As detailed in my previous posts, some friends and I got drunk and decided to do a Top Gear special style road trip. We flew to SoCal, bought cars for less than $2,500(ish) and then drove the Pacific coast ~2,000 miles to Seattle and uhh… let’s say sold the cars. Yes, we totally sold them. Stop asking questions!
At some point during that trip, we transitions from “OMG WTF ARE WE DOING!?” to “OMG WHEN CAN WE DO THIS AGAIN!?”
Well, good readers, that time is upon us.
For this next trip, we’re going off the beaten path, literally. We are flying to Sacramento, buying three cars for less than $2,500 each, and driving overland 1,200 miles to Salt Lake City, and then selling the cars when we get there.
Surely one of us will be killed.
The original plan was to hit Yosemite, Death Valley, Las Vegas, Hoover Dam, Valley of Fire, Grand Canyon, Zion, Capitol Reef, and some of great stuff in Utah. Unfortunately, we based on Tioga Pass openings based on the previous five year snowfall averages, not the huge amount they have now. Since the pass is unlikely to be open while we’re there, we’ve ditched Yosemite in favor of Tahoe.
(Side note: While we had an awesome route and accommodations planned in Yosemite, I am happy we’re free of the dangers of tourist traffic and snowy forest service roads.)
As much of the trip as is reasonable will be done, what I now know is called, overland. These are basically roads that you could probably do in a Honda Civic, but would be happier with a little more ground clearance. We will be hitting some more “challenging” off-road routes and I am eager to see how badly we screw the whole thing up!
The only requirement is some form of four-wheel-drive. This does not preclude a car being equipped with part time AWD (I admit the idea of a Volvo Cross-Country is appealing) but in general we all want to have an actual transfer case with actual 4WD. We are unlikely to ever actually need it, but if we have it we’ll probably find an excuse to get stuck.
George, of “the bumblebee” Cabriolet, sort of wants a truck this time, preferably a D21 4x4 oddly, but is also open to a small “hair dresser” Tracker or Samurai. That is, of course, unless he finds a mid-nineties Montero, in which case he will go ape shit and buy it. No idea why he has decided he loves those, but here we are.
Taylor, of the Nissan D21, sort of wants a small Japanese truck, but acknowledges we would never let him hear the end of it if he bought another one. He has also been toying with the idea of buying a 4x4 version of his daily driver, a Nissan Xterra, as that’d be fun to hoon. He too has expressed an interest in the “hairdresser” offroaders. Ultimately he really wants a Jeep, but we’re pretty sure we won’t find a decent one in the price range.
(Sidenote: Yes, I know the little 4x4s are well respected and each of us actually likes them. I’m not sorry for calling them “hairdresser” cars because, let’s face it, you knew exactly what I was talking about when I said that.)
I, weirdly, haven’t figured out what I want. A Range/Land Rover would keep with the theme of me buying hopeless cars (see: Alfa Romeo Spider) but that is (A) tempting fate and (B) difficult to find one in our price range. I’ve also considered getting a Tahoe/ Yukon on the basis of I already own one so it will pretty much guarantee I won’t keep it. In reality I like most older 4x4s and really just sort of want a manual. Overall, I’m content with choosing something dissimilar to what they choose and going with it.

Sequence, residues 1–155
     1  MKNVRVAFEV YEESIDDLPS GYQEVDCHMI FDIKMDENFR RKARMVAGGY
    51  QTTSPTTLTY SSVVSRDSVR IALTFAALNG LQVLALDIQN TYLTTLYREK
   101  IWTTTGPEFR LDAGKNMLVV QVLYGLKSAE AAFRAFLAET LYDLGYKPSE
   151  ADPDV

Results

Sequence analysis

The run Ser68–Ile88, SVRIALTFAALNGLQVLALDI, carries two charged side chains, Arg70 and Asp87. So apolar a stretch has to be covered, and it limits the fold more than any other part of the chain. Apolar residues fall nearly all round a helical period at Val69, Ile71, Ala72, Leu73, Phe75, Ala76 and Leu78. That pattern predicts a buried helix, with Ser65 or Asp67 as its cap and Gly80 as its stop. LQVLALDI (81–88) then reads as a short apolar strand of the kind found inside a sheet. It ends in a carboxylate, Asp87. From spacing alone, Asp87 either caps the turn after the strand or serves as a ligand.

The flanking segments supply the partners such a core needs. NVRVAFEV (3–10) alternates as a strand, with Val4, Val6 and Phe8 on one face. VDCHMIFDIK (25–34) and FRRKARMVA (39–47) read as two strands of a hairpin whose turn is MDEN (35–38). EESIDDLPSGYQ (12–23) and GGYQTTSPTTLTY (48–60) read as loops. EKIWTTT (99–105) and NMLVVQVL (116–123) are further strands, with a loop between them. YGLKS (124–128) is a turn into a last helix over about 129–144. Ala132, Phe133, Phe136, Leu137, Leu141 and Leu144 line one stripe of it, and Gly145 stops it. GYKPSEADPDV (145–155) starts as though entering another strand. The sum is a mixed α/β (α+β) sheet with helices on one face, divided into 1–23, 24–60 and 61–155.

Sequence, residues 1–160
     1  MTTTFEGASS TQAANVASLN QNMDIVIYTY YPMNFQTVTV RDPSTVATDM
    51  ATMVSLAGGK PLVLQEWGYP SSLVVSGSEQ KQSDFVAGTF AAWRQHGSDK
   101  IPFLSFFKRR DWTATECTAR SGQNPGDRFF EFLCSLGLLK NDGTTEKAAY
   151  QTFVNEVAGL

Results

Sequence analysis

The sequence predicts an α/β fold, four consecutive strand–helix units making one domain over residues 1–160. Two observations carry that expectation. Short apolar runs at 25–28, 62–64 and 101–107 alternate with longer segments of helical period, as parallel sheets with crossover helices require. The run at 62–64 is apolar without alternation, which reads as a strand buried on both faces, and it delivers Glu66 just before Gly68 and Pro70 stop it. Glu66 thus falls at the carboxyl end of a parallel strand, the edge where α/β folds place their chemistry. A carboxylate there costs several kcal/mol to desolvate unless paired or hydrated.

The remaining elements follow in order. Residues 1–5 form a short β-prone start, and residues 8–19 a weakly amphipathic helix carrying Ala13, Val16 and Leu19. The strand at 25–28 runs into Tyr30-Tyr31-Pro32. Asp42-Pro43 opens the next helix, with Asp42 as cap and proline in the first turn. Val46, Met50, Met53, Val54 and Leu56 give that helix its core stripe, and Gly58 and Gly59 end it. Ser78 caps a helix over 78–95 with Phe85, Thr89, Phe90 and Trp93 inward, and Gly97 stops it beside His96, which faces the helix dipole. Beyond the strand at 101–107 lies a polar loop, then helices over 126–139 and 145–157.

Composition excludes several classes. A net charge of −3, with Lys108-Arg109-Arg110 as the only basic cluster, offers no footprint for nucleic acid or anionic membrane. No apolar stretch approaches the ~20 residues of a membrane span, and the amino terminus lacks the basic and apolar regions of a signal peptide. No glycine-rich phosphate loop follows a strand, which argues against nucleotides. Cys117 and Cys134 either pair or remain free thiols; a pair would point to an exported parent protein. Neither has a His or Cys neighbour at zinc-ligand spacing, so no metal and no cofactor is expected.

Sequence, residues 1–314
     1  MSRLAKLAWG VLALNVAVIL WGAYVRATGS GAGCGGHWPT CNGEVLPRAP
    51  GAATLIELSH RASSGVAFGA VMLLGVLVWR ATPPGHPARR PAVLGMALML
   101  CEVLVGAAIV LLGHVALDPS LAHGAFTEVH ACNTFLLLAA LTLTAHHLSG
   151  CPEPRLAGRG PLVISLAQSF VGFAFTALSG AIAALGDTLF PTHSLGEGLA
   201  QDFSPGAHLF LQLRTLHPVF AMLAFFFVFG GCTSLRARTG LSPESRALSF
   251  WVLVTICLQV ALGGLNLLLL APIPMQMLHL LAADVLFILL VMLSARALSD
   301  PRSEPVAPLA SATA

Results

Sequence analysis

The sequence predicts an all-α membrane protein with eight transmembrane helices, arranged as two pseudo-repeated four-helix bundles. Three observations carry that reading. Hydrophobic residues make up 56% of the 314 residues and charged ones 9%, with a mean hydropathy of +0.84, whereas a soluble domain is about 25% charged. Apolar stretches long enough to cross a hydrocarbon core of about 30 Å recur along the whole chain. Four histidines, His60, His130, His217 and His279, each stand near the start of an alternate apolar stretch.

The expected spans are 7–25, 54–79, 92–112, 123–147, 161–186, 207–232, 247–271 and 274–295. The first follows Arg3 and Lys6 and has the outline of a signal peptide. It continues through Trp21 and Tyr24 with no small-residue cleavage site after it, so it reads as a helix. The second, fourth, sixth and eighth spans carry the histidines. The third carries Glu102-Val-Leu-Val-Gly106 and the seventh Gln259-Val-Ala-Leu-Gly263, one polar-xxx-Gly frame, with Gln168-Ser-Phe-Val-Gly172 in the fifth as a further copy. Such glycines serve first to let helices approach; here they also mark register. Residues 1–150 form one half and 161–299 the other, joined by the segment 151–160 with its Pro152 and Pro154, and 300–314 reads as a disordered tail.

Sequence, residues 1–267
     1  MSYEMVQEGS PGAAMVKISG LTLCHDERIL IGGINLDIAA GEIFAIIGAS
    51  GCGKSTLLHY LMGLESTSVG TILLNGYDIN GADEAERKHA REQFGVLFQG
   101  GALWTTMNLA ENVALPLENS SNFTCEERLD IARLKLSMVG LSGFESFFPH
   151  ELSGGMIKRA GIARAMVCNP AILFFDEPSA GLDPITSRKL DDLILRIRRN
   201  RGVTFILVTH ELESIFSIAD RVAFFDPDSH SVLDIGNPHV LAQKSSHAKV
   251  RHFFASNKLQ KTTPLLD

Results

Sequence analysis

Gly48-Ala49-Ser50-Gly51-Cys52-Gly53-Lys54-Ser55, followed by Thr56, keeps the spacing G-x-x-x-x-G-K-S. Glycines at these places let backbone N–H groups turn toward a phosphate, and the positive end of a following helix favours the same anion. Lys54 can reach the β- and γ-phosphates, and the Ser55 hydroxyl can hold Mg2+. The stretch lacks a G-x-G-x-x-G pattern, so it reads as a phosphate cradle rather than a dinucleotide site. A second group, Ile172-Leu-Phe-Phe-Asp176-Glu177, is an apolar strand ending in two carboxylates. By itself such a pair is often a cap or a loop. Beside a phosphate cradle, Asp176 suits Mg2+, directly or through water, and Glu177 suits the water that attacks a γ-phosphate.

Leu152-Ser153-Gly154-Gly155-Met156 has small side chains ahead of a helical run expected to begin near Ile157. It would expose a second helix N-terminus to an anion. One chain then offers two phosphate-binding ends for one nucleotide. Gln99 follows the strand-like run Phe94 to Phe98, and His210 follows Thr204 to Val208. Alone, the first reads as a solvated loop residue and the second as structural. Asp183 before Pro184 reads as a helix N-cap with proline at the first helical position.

Either way, we’ve seen our usual epic Craigslist gold. Stuff like “Runs grate! [sic] Needs new engine.” and “Selling because I got too many DUIs.”
Weirdly the one thing we’ve all agreed on is a mutual hatred of the Ford Expedition, Escape, Explorer, and (maybe) Excursion. This hate, again weirdly, does not extend to the F-series of trucks nor the ranger.
Before anyone rushes to the comment and details all the ways we are likely unprepared, yes we have actually given this some thought. Yes we know our cell phones won’t work. Yes, we know AAA doesn’t do off-road recovery. Yes, we know off-road recovery is expensive. Yes, we know there are no gas stations in the desert. Yes, we know jacks won’t really work in the sand. Yes, yes, etc etc…
I’m not saying we know everything, we absolutely do not. We will 100% encounter something unexpected out there despite all the prep we’re doing. Here is a by no means comprehensive list of what we’re going to bring:
Satellite phone (or emergency beacon), 20 gallons fresh water for emergencies only (5 gallons per person), 15 gallons fuel for emergencies only, fix-a-flat, spare tires (3), air compressors (2), fiber-fix, multiple tow straps, winch damper, shackles, buckets of sunscreen, first aid kits (2), list of emergency procedures, lists of emergency numbers, crap ton of tools, flashlights, shovand radios.
Probably will have missed something, but uncertainty is part of the fun.
Each car will have a safety binder which includes routes, emergency numbers, emergency procedures, rally points, and critical gas stops. We will discuss the route, safety considerations, and logistical considerations prior to setting off each day. We also have a designated external coordinator who will be keeping track of our updates and check-ins.
The emergency procedures cover everything from being split up, to being pulled over, to “unknown threats” in alarming detail. Hopefully we’ll never need any of it.
We’d love to hear your thoughts Oppo! Anything we should be sure to see? Any essential off-roading gear? Suggestions on how to deal with our inevitable flat tires?
Exit on the joke
No but really, we realize this is going to be way more unsafe than our previous trip and are doing our best to make sure no one actually dies.
That said, this trip is going to be one hell of an adventure.